Boris Johnson U-turned on his central manifesto vow by hiking National Insurance – from 12% to 13.25% in April 2022 to raise £12bn a year. Despite it being to fix social care, all but £5.4bn of the first £36bn will go to the NHS instead. Threshold changes will cancel out the rise for earners below about £37k from July following a Tory backlash.
Boris Johnson’s plan to force Britain’s unwanted asylum seekers to Rwanda was branded “opposite of the nature of God” by the Archbishop of Canterbury. Migrants who arrive “illegally” on dinghies or fridge trucks will be detained, then “removed” with a one-way ticket almost 5,000 miles away with no option to seek asylum in Britain. Experts said the plans were costly and unworkable. It comes after outrage at the Nationality and Borders Bill which will make it legal to strip some people’s citizenship, and criminalise asylum seekers who arrive in small boats.
After weeks of delay, Boris Johnson published his plan in April 2022 to wean Britain off Russian energy. An early version of the document pledged 30GW of capacity from onshore wind by 2030 and 45GW by 2035 – up from 14GW now. But despite hilltop wind turbines being much cheaper than ones in the sea, the the PM axed this target – due to a Tory tussle over the “eyesore” machines.
Ministers threatened criminal and civil proceedings against P&O Ferries after the shamed firm sacked 800 seafarers with no notice, including over a Zoom call. But they were accused of not doing enough to stop the behaviour – voting against Labour MP Barry Gardiner’s crackdown on ‘fire and rehire’, and only legislating afterwards to close loopholes on the minimum wage at sea.
The PM’s friendship with model-turned-entrepreneur Jennifer Arcuri – who went on three trade missions he led as London mayor – sparked a string of ethics probes. She later said she had an affair with the married politician and they had sex on his family sofa. The police watchdog did not open a criminal investigation, but found “some evidence” they were in an “intimate relationship” – and said failing to declare it could have breached the London Assembly’s code of conduct.
Boris Johnson was accused of lying about whether he personally “authorised” the rescue of cats and dogs from Afghanistan while troops struggled to man the gates of Kabul airport during a Taliban takeover. He denied it as “rhubarb”, but Josie Stewart, the Foreign Office’s Head of Illicit Finance, turned whistleblower to say the PM’s involvement was “widespread knowledge” and officials lied.
Boris Johnson was blasted for “shafting” swathes of England with his flagship levelling-up ‘Bus Back Better’ plan. Ministers announced £1.2bn for 34 areas that applied for “bus service improvement plans” (BSIPs) – including Kent, Norfolk, Warrington, Somerset and West Berkshire. But the 34 made up less than half of the 79 areas that were eligible and told to apply. And only £2.4bn was committed out of £3bn pledged by the PM in a ‘bus revolution’.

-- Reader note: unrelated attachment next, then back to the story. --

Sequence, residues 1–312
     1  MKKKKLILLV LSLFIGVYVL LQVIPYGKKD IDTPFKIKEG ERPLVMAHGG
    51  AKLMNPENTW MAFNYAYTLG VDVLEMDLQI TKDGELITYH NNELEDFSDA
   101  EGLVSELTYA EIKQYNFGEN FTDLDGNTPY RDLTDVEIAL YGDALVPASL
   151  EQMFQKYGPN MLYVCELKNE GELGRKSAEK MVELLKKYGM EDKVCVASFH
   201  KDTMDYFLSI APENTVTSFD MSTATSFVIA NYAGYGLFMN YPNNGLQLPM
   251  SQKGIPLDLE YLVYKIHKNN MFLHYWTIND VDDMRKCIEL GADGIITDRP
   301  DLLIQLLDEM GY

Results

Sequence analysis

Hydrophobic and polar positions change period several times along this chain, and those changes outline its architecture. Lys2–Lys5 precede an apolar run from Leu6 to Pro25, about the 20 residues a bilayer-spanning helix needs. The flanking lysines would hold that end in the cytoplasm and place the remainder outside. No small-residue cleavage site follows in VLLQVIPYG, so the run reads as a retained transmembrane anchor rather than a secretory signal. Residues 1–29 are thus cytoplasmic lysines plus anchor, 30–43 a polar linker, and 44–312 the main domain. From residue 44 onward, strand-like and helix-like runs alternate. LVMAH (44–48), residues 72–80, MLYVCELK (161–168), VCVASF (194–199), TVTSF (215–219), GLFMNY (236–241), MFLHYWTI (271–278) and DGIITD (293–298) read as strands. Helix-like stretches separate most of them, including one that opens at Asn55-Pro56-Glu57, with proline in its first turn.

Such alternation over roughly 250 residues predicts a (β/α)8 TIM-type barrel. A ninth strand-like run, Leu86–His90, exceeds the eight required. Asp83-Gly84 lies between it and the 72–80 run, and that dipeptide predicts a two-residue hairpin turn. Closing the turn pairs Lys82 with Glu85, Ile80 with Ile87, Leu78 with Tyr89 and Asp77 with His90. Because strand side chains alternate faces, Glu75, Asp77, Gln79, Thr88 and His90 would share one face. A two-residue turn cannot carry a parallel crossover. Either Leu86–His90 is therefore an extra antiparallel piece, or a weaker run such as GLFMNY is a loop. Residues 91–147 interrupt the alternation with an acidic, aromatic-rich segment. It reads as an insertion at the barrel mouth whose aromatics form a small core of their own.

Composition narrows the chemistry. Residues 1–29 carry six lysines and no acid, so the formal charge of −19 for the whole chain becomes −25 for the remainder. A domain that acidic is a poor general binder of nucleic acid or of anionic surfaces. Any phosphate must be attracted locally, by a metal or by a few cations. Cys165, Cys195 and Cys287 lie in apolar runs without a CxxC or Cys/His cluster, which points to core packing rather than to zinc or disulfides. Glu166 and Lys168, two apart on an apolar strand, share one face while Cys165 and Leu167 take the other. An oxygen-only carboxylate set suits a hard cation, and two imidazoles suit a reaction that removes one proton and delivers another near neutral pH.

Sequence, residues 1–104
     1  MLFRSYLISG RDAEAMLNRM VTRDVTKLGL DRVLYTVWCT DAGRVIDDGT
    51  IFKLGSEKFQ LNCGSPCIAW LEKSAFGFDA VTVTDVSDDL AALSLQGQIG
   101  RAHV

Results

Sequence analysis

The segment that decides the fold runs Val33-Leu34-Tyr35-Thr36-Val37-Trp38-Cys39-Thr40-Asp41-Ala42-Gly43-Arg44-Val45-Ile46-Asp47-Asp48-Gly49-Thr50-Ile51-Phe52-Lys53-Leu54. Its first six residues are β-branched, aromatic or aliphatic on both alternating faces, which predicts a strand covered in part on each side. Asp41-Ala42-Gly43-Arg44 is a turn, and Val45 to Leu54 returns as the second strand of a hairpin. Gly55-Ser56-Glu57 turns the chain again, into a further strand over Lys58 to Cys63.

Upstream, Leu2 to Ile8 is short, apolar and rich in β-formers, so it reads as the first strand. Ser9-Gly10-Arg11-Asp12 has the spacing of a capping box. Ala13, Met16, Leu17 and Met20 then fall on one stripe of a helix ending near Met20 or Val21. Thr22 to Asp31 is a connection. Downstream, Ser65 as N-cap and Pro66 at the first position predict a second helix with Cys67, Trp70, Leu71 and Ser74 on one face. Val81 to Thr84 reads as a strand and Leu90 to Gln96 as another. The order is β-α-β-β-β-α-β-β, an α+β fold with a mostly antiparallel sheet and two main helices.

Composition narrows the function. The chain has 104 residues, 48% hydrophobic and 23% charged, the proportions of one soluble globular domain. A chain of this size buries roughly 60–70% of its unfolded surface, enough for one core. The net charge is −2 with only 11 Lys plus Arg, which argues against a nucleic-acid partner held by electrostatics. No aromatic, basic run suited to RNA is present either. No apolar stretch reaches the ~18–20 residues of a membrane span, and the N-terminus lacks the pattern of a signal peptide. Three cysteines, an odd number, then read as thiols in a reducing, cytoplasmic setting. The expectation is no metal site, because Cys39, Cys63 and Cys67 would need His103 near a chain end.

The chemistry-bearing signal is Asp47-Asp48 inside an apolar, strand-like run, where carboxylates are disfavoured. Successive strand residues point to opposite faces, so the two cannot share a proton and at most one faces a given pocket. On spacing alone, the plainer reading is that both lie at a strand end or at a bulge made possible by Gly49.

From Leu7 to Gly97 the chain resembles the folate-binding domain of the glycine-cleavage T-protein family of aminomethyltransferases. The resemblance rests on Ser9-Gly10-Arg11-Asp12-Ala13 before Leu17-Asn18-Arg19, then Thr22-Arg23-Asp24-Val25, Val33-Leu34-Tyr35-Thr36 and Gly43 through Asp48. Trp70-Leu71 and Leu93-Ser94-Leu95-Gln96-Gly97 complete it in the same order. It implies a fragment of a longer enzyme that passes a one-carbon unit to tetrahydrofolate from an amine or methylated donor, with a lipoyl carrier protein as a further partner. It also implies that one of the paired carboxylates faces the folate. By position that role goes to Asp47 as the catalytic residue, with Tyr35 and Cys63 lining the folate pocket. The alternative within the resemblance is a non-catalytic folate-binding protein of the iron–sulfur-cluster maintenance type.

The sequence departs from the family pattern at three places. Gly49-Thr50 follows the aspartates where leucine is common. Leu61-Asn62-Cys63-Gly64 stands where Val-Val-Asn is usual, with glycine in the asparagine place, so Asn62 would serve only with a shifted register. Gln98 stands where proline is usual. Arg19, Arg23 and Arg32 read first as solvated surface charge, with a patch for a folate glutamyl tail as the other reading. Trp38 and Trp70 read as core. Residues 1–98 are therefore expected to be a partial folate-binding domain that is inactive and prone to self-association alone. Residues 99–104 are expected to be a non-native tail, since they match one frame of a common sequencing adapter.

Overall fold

Labour accused Boris Johnson of ‘wallpaper for festivals corruption’ over the luxury makeover of his Downing Street flat. The PM and partner Carrie spent more than £112k revamping the four-bed residence. The PM assumed a charitable Trust would pay, but donor Lord Brownlow paid instead when the idea fell through. The PM claimed he had no knowledge – but then ‘missing’ messages revealed not only did he ask Brownlow for ‘approvals’, he also promised to examine the donor’s idea of a second Great Exhibition. Eventually the PM settled the bill himself but the Tories were fined £18k for not recording the affair properly.
The Government awarded thousands of contracts to private companies as they battled to get vital equipment such as PPE and tests at the start of the pandemic. While ministers insisted they had to act quickly, meany deals were handed to associates of ministers and officials. The High Court later ruled a so-called VIP lane to hand out PPE contracts to two firms was unlawful.
Hedge fund boss and major Tory donor David Harding was knighted for “services to philanthropy”. The PM’s pal Zac Goldsmith earned a ministerial job and Lords place after losing his seat. Billionaire former Tory treasurer and mega-donor Michael Spencer got a peerage. Boris Johnson’s ex-aide Daniel Moylan now sits in the Lords, as does the PM’s journalist former boss Charles Moore and his former aide Eddie Lister. Tory donor Tony Gallagher, who gave the PM a £780 silver envelope to celebrate his son’s birth, was made a Sir. The PM’s ex-minister brother Jo is in the Lords too.